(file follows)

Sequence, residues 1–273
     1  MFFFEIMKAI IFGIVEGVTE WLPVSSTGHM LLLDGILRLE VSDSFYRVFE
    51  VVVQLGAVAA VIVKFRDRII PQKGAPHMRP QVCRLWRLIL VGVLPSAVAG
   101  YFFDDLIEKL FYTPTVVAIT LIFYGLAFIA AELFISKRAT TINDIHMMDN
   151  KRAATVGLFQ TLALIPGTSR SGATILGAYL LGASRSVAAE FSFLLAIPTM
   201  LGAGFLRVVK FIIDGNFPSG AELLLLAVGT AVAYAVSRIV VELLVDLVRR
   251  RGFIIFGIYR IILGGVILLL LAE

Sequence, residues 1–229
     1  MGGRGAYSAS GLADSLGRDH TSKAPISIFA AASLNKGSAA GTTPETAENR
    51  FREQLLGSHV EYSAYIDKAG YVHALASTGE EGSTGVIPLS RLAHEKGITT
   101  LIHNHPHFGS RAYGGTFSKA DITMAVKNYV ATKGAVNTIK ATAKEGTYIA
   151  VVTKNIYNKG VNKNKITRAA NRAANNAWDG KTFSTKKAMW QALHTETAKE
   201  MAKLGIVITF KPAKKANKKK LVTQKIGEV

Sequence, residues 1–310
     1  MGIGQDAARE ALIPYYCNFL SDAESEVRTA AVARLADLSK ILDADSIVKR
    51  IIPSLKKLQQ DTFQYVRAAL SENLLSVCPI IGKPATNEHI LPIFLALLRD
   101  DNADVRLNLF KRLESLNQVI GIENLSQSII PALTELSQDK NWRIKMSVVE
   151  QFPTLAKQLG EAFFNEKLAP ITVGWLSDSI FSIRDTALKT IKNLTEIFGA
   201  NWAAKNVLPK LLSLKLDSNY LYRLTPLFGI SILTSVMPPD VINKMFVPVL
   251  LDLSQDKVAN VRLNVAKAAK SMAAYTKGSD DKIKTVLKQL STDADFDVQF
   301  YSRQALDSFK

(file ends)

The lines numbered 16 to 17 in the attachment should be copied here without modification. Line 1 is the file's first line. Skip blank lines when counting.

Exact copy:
    51  IIPSLKKLQQ DTFQYVRAAL SENLLSVCPI IGKPATNEHI LPIFLALLRD
   101  DNADVRLNLF KRLESLNQVI GIENLSQSII PALTELSQDK NWRIKMSVVE